I believe in the mother-instinct.
So here are five things in particular I refuse to apologize for.
1. I will not feel guilty for letting my kids watch some television.
It allows me to to take care of myself and center my day around the One who made it – and so yes, I will put on a show. And I might put one on in the evening before supper, too, because we’re all sick of each other and needing Daddy to come home, and it’s raining outside. Granted, we use Netflix, because it doesn’t bombard my kids with commercials, and I also try to choose programs like Super Why or Sesame Street, which teach my kids things, but sometimes they watch Curious George too, and that’s okay. Everything in moderation.
2. I will not feel guilty for disciplining my children.
I weep for the lawless sons and daughters who are ruling the earth, who say they don’t feel like doing something and then get away with not doing it. I will not hurt my child, but I will discipline him when something he says or does either hurts someone else or goes against our house rules because children thrive off consistency and communication. Love is both boundaries and boundless affection.
3. I will not feel guilty for making food as enjoyable as possible.
I don’t believe in waste, but I also believe food should be enjoyed. I don’t believe in kids getting to eat dessert if they haven’t finished their supper; however, I am teaching my children to listen to their tummies and if they’re full, I will not force them to finish their main course (they still don’t get dessert, though!). I try hard to feed nutritious food, but I also bake chocolate chip cookies and let my boys have “treats” or “rewards” when they do a chore or go on the potty. I want my boys to be aware and convicted that millions of children go to bed hungry every night; however, I also want them to delight in food and to see it as a gift.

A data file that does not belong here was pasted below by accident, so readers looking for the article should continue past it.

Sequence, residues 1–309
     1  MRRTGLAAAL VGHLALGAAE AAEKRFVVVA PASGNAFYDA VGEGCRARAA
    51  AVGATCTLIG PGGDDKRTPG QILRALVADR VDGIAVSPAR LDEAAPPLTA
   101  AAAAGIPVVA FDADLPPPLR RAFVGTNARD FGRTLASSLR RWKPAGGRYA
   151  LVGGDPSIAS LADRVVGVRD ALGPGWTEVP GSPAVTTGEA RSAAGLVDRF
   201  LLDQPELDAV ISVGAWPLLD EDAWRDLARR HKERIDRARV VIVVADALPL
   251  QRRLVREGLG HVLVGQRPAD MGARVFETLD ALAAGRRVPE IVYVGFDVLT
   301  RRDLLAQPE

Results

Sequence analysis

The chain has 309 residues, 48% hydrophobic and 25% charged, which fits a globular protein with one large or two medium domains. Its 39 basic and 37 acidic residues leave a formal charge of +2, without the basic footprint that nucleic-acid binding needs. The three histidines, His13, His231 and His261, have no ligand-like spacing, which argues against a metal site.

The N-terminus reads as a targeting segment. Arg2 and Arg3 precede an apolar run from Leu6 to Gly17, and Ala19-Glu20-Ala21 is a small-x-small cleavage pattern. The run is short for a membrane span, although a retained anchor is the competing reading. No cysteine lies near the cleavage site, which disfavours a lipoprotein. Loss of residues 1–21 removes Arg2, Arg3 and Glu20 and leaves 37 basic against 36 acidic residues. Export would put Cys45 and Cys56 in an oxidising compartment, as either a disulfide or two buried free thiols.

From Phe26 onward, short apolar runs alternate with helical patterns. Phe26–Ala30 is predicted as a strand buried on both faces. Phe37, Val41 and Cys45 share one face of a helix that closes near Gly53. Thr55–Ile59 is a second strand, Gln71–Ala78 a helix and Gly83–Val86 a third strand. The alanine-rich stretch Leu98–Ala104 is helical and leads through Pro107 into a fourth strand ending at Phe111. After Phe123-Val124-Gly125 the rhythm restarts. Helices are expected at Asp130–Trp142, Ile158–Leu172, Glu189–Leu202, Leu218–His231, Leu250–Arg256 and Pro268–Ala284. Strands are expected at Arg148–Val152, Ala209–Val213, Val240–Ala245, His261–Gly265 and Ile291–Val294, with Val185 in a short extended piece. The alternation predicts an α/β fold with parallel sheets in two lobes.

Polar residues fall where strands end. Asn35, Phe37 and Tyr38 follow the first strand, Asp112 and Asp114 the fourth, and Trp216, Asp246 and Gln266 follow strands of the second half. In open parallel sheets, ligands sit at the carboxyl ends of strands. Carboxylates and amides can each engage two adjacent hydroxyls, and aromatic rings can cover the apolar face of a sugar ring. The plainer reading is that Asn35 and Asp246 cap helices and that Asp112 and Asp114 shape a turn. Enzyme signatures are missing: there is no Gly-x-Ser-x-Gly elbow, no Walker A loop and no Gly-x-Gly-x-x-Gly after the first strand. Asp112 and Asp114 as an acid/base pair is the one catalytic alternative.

4. I will not feel guilty for standing up for “the least of these” in my child’s presence.
For making a fool of myself on behalf of someone who is an underdog, for fighting for the rights of another human being, for appearing “odd” or “weird” while protecting and defending a person who is being hurt. I will fight, and let my sons see what it means to bring justice to a broken world. I will not worry about what others say or think; I will do my best as a mother and as a human to love mercy and seek justice and walk humbly with my God.
5. I will not feel guilty for being a working mom.
Granted, I get to work from home – but it still “takes me away” from my kids for a couple of hours every day, and allows me to express the fullness of the gifts I have been given – gifts which continue to serve, and which allow my children to see mom as a holistic person. I refuse to put myneeds over my kids’; however, I also believe that some space from mommy is good for both of us. Good for them to know they can trust Mommy will always be there for them – but not necessarily right beside them. And good for me to recognize I need that space so I can, in turn, be a better mother.
Moms, we are child-bearers and home-makers and creators in all senses of the word … so let’s stand tall, with our heads high, because we can trust the true Life-Giver who knows our children better than any of us.
So, keep loving and diapering and nurturing, keep believing and hoping and daring to trust the mom-gut you’ve been given.
Because you are a good mom. And your children need you. Desperately.
Emily T. Wierenga is an award-winning journalist, blogger, commissioned artist and columnist, as well as the author of five books including the memoir Atlas Girl: Finding Home in the Last Place I Thought to Look (Baker Books). She lives in Alberta, Canada with her husband and two sons. For more info, please visit emilywierenga.com. Find her on Twitter or Facebook.